Layered compounds

Layered compounds LiMO2

Layered oxides with the general formula LiMO2 (M = Mn, Co, Ni, etc.) crystallize in an α-NaFeO2 structure and are described by the space group (‘O3’ phase), which is based on a cubic close-packed network of oxygen atoms (Wyckoff position 6c) with alternating lithium layers (Wyckoff position 3b) and layers containing the transition metal cations in the octahedral sites (Wyckoff position 3a) (see Figure 2). The diffusion of Li+ ions in the host structure occurs along with a two-dimensional (2D) interstitial space.

LiCoO2 (LCO) is the most commonly used cathode material in commercial LIBs for portable consumer electronics. Even though LCO has a theoretical specific capacity of 274 mAh g−1, it can only deliver ≈50% of this value (≈140 mAh g−1) because of structural instabilities when more than half of the active Li+ ions is extracted from the structure. Due to the overlap of the Co3+/4+ t2g band with the O2− 2p band a deep charge of the electrode will result in oxygen loss from the host structure. The presence of toxic and expensive Co impedes the use of LCO in large scale applications, such as traction batteries and stationary batteries. The research on layered compounds therefore has moved from LCO to its derivatives and solid solutions in which Co is partially or fully substituted by more abundant and environmentally friendly transition metals, such as Ni and Mn.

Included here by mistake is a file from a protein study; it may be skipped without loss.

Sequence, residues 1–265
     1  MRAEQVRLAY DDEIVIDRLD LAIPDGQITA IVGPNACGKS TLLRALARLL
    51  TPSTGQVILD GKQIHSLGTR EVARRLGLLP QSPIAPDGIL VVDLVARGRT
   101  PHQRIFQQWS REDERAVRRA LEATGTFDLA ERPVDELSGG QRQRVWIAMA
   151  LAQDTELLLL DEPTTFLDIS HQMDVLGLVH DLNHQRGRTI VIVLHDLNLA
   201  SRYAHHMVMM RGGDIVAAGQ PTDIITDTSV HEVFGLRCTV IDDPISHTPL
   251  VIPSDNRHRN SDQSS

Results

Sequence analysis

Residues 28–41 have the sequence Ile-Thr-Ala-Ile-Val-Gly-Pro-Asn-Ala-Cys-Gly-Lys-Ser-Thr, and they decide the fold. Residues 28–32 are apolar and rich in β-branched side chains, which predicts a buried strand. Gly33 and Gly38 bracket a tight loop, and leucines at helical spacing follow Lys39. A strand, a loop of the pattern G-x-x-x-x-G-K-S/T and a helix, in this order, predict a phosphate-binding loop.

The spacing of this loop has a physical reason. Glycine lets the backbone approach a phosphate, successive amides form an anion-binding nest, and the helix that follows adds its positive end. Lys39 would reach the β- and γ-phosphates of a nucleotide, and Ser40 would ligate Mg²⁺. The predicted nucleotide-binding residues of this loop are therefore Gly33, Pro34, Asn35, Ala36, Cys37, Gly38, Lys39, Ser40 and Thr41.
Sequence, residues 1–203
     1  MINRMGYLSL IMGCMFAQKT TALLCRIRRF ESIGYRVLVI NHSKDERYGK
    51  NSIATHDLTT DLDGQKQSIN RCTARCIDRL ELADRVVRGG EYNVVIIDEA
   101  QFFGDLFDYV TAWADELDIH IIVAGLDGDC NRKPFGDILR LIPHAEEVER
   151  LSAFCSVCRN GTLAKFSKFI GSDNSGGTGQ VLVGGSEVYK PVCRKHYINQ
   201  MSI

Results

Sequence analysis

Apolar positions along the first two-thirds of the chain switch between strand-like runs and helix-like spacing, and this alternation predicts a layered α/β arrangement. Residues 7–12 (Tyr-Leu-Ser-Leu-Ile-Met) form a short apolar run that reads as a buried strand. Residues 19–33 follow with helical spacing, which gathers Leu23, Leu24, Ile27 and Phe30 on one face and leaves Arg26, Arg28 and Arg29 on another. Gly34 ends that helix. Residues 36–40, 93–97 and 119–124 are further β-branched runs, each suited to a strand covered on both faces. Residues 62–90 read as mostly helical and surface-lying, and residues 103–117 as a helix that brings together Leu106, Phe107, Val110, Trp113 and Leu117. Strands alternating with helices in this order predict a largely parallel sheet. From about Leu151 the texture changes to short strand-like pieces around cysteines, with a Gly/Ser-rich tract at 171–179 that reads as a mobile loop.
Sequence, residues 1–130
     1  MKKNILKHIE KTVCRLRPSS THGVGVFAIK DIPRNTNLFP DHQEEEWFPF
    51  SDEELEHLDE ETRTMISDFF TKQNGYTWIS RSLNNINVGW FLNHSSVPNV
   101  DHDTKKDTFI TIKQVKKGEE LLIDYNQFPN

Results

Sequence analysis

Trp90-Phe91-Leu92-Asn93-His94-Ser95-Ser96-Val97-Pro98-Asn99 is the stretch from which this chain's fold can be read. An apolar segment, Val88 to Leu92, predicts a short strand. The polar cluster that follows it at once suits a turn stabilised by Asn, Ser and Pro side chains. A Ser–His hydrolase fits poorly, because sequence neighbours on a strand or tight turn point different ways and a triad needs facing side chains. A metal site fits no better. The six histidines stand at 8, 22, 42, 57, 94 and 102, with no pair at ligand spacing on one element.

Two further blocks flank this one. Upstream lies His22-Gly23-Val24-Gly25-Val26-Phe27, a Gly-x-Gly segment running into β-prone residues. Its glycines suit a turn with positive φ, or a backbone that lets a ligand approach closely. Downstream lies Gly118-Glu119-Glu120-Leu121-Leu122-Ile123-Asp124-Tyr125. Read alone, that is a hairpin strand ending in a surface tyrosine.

Currently, LiNiMnCoO2 (NMC) is one of the most important commercial cathode materials, thanks to its high theoretical specific charge of 278 mAh g−1, better thermal and electrochemical stability in the charged state and lower cost compared to LCO. The valence states of the transition metals are mainly divalent nickel (Ni2+), trivalent cobalt (Co3+) and tetravalent manganese (Mn4+). The electrochemically active redox pair is predominantly Ni2+/Ni4+ while the Co3+/Co4+ couple is becoming active only at higher potentials. The electrochemically inactive manganese remains in its original oxidation state (Mn4+) and provides structural and thermal stability at highly delithiated states. Cobalt stabilizes the layered structure and reduces cation mixing (Li/Ni). Due to the similarity in ionic radii of Ni2+ and Li+ ions, Ni/Li site exchange occurs. This phenomenon is termed ‘cation mixing’ in the literature and is associated with phase changes in the host structure, which have a detrimental effect on the cycling performance. However, it is also reported that the higher electrochemical stability of NMC compared to LCO is not only related to their respective density of states, but also to the ‘pillar effect’ of Ni2+ ions in the Li sites, leading to less electrostatic repulsion between the oxygen layers. To address the structural instabilities of highly delithiated cathode materials and to increase thermal stability, doping with heteroelements, such as Al and Mg, has been reported.